The house at 671 Main Street in Middlefield originally stood on the site of the David Lyman II House. Built in 1785 by David Lyman (1746-1815), it passed to his son William Lyman (1783-1869). After William’s son, David Lyman II (1820-1871), built his grand new residence on the property, the old Lyman House was moved to its current address in 1864 and was altered from a central chimney to a two-chimney house. The front columned verandah was possibly added around 1901.
In 1769, Reuben Stone built the house at 22 Broad Street in Guilford, near the home of his brother, Caleb Stone. Reuben Stone (1726-1804) was a supporter of the Revolutionary War who procured supplies for the soldiers. In 1842, the Greek Revival entryway was added and the house was altered from one-and-a-half stories with a steeper roof to two-stories. The house was later owned by Leverett C. Stone (1819-1892) and other Stone descendants.
At the Corner of Hebron Road and Center Street in Andover is a house built by Elijah House in 1784. Elijah House (1745-1823), descended from a prominent family from Rhode Island, is said to have been bankrupted after lending money to the French soldiers encamped in Lebanon during the Revolutionary War in 1781, but rebounded enough to build his house in Andover three years later. House was a merchant who inherited his father John House‘s property in Hebron and Coventry in 1801. On his land, Elijah House had a merchant shop, a slaughterhouse, soap-making equipment and a paper mill. He leased his operations to his son, Simon, in 1815. The house has been much altered over the years.
The center-chimney colonial house at 501 Main Street in South Glastonbury was built around 1740 by Timothy Brooks on land he had acquired in 1730 from William Goodrich, Sr. In 1749 Brooks sold the house to William Goodrich, Jr., a sea captain, who drowned in 1753. His daughter Mehitabel, wife of John Welles, Jr. (who owned the Welles-Shipman-Ward House in Glastonbury), later sold the property to her step-brother, Samuel Stratton, Jr.
The house at 22 Hebron Road in Bolton was built sometime between 1740 and 1770, although it may date to as early as 1722. It has been added to over the years. It was built by Daniel Darte (1691-1771), an original settler of Bolton. Daniel Darte supported the town’s separation from Hartford in 1720. There is another house in Bolton, at 219 Bolton Center Road, that is traditionally associated with Daniel Darte.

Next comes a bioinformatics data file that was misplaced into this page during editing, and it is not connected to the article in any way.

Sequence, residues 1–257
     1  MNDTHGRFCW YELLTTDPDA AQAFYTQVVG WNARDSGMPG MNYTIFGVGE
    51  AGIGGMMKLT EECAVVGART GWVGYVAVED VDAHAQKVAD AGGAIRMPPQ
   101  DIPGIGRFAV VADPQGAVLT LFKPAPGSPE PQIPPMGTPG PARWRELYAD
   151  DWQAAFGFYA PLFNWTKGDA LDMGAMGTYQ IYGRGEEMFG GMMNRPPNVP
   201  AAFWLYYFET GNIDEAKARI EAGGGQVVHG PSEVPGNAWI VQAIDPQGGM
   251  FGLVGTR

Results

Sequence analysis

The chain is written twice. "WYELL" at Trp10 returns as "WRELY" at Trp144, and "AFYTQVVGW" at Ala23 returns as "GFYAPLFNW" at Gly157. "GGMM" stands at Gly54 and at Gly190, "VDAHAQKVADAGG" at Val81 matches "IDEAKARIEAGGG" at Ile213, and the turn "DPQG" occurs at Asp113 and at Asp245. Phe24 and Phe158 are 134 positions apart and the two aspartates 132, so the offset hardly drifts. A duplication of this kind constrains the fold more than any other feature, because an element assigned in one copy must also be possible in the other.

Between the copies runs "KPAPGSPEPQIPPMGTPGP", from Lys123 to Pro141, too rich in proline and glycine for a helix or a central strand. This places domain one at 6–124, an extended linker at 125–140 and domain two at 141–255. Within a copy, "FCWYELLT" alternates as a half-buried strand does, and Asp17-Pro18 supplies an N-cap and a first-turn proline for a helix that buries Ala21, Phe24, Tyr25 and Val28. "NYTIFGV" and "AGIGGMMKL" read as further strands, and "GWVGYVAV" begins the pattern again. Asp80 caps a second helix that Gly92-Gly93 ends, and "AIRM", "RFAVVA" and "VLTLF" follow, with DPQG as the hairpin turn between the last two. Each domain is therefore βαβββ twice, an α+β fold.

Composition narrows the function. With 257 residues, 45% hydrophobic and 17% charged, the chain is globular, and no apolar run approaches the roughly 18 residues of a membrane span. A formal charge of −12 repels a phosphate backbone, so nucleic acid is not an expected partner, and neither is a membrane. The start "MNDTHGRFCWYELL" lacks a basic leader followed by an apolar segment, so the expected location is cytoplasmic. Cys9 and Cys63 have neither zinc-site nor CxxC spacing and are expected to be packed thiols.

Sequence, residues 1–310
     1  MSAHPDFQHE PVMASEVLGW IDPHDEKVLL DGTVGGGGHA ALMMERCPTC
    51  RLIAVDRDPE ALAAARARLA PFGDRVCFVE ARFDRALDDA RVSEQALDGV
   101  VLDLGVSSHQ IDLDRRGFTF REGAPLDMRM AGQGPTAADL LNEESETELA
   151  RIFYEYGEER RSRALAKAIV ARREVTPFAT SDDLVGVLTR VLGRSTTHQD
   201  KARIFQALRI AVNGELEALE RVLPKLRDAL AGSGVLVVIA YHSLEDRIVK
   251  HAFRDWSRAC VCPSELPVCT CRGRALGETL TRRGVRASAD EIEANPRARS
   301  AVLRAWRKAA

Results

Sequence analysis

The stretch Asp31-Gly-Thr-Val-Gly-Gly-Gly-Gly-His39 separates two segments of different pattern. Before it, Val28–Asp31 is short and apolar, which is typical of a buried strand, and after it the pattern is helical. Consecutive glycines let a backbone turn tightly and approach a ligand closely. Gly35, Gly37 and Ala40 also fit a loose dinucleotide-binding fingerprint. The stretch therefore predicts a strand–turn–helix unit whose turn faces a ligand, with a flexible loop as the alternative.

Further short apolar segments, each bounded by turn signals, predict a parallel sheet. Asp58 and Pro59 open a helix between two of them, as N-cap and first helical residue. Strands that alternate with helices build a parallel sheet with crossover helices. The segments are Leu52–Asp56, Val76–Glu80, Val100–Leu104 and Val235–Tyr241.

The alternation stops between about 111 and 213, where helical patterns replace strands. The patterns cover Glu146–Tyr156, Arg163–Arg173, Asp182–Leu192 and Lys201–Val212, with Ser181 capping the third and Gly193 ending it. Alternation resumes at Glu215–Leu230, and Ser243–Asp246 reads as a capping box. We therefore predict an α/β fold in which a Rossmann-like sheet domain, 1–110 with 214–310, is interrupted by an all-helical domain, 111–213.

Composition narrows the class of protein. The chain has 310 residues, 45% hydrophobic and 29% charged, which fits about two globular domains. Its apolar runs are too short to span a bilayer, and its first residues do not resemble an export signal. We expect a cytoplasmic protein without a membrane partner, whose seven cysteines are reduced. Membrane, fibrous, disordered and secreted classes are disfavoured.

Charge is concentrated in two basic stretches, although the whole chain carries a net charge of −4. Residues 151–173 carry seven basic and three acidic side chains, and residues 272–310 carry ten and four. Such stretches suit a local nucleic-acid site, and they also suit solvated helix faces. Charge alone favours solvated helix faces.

The house at 611 Main Street in Somers was built in 1795 and has later Greek Revival details. It was the home of Claudius Buchanan Pease, whose third wife was Mary W. Chapin Pease (1820-1889). Having spent much of her childhood in her mother’s hometown of Cornwall, Mary Chapin became one of the first students at Mount Holyoke Female Seminary in 1837. After graduating she returned to Cornwall to teach, but then in 1843 returned to Mount Holyoke as a teacher. She served as the school’s principal from 1850 to 1865, when she retired and married Claudius Pease. After her children grew up, Mary Chapin Pease ran the Elm Knoll Preparatory School for girls from her home in Somers. The house was converted into two apartments in 1925 and became a flower shop in 1985.
Medad Stone was born in Guilford in 1754 and later inherited his father’s tavern on the northwest corner of the Green. Stone was also part-owner of a stage company that carried public mail. Road conditions at the time were bad and in 1803 Stone and his partners petitioned the General Assembly to reroute the Boston Post Road. Confident that the alterations would be made, Stone built a large new tavern of Dutch Colonial design along the proposed route. Located in the West Side of Guilford (modern address 197 Three Mile Course), the tavern had fourteen rooms and ten fireplaces. Although Medad Stone battled for ten years to get his turnpike proposal accepted, the change was never made and the new tavern never opened. Stone, who died in 1815, began farming activities there, which were continued by Joel Davis, who bought the property from Stone’s daughter in 1843. His great-grandson Leonard Davis Hubbard (1909-2001) bequeathed the Tavern to the Guilford Keeping Society in 2001. It was restored to its 1803 appearance and was opened as a museum by the GKS, which also owns the Thomas Griswold House.